Why BJP is making bid to take Farooq Abdullah on board on G20?

The BJP believes that G20 delegates’ visit and the event on tourism is a signal that the world has accepted the normalcy narrative

BJP’s J&K unit president Ravinder Raina appealed to Farooq Abdullah, towering political leader of Kashmir, to “demonstrate his magnanimity, rising above the party politics, to  announce welcome to the G20 delegates who on Monday were in Srinagar to attend third working group meet on tourism.” This appeal was made to Farooq Abdullah from the party’s headquarters in Jammu, which is the nerve center of the saffron party’s activities, mostly directly against the political leadership of Kashmir, in which the Abdullah family tops the list.

This turn around was political necessity, which BJP leader wrapped in invoking the spirit of hospitality of the people of Kashmir, with his thesis that the welcome of the world accorded to the people from India, needs to be reciprocated. He extended his appeal to all the politicians, without naming them, but his references were clear when he said “all the prominent political leaders- former chief ministers and others.” He took the name of Farooq Abdullah only.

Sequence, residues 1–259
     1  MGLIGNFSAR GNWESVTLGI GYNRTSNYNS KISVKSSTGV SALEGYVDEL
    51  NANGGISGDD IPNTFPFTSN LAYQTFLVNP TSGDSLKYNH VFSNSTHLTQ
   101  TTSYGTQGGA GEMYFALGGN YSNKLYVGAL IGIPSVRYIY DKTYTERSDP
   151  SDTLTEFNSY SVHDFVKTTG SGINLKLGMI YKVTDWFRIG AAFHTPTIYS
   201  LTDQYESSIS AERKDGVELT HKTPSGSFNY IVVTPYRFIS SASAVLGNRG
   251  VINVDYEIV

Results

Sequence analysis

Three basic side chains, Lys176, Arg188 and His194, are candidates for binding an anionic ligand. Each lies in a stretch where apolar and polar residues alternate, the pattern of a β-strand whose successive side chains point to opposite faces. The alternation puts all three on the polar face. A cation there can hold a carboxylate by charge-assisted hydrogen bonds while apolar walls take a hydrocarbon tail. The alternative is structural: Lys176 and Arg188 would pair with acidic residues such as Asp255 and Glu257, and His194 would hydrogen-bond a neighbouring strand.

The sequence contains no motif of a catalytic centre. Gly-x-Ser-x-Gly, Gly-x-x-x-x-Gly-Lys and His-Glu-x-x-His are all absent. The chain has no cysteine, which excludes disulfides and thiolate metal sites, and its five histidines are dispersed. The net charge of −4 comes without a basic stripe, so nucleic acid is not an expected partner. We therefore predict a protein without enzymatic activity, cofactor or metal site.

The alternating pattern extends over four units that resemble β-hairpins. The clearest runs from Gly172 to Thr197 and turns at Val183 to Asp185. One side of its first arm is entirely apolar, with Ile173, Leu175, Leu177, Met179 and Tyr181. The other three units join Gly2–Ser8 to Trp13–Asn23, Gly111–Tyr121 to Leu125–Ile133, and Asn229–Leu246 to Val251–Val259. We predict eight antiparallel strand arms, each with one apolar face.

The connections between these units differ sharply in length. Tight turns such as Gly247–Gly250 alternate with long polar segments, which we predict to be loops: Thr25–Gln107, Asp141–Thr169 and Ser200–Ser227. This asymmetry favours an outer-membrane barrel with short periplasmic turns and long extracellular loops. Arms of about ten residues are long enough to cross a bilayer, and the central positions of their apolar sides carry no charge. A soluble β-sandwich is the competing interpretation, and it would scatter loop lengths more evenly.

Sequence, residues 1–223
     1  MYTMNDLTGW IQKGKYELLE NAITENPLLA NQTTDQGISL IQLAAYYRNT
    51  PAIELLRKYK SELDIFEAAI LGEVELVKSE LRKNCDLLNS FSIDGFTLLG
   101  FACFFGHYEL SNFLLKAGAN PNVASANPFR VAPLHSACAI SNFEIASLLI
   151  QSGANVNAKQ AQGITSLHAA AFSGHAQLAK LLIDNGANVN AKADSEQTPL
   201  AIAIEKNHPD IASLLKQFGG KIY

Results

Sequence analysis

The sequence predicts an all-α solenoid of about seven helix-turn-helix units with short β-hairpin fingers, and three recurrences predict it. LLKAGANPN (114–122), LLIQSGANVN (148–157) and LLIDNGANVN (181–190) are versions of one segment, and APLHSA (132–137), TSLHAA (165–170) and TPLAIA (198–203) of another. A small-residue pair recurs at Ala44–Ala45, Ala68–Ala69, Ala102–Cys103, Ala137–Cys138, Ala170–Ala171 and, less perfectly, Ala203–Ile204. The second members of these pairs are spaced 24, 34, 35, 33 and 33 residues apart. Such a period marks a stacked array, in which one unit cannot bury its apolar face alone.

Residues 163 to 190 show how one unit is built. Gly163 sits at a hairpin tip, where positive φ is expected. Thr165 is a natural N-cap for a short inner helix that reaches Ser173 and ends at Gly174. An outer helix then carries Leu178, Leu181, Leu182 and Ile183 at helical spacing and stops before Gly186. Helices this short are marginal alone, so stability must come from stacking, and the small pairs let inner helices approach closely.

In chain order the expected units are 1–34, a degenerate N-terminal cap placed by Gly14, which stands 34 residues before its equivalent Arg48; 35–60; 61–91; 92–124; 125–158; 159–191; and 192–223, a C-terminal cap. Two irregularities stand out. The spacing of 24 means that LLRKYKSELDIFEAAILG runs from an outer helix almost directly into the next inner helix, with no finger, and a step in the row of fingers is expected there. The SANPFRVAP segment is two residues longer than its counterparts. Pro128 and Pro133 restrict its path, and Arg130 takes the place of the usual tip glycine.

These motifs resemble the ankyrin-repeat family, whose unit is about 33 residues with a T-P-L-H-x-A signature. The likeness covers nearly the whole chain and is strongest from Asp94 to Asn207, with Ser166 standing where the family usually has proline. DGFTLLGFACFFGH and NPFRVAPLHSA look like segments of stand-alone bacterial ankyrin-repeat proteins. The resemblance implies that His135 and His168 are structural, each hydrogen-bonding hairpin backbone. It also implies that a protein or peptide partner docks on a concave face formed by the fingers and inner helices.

The irony of the words and timings could not be missed. The delegates had already landed and lodged in their hotels by Monday afternoon, when the BJP chief held a press conference, in which he hailed the hosting of G20 event as a “ beginning of new era”, for Jammu and Kashmir, and the one which will transform its economy and negate all the ill-conceived and bad mouthing about the image of the place by vested interests. The BJP had accorded to itself the ownership of the event, so to say, as the messaging about the event and visitors could have been sent from some other place as well.

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Second, Farooq Abdullah is the only elected representative of Srinagar. He is the Member Parliament from Srinagar parliamentary constituency. Since there is no legislative Assembly, there is no other elected representative barring the local Municipal Corporation. And, history bears testimony to the fact that Farooq Abdullah had represented India and pleaded its case on Kashmir at several international forums, including the UN Human rights meet in Geneva in March 1994. He had led the charge against Pakistan. He was leading face in the delegation led by the then-opposition leader Atal Behari Vajpayee. Farooq was out of power that time. Vajpayee, as Prime Minister,  had also taken him along to Pokhran,  Rajasthan, few days after the nuclear explosions in May 1998. These are recorded facts in the history, and these can be wiped out only at the risk of losing the great narrative on Kashmir and the rest of country, where BJP leader and Kashmiri Muslim leader made a common cause for the nation.

Farooq was in Delhi when the G 20 delegates had started arriving in his constituency. No one had contacted him, nor consulted about the G 20 event. The local leadership of Kashmir was kept outside of deliberations. The G 20 meet underway in Kashmir has an official stamp all over. It’s like the clean water of Dal Lake, which is having reservoir of its own stories of decades.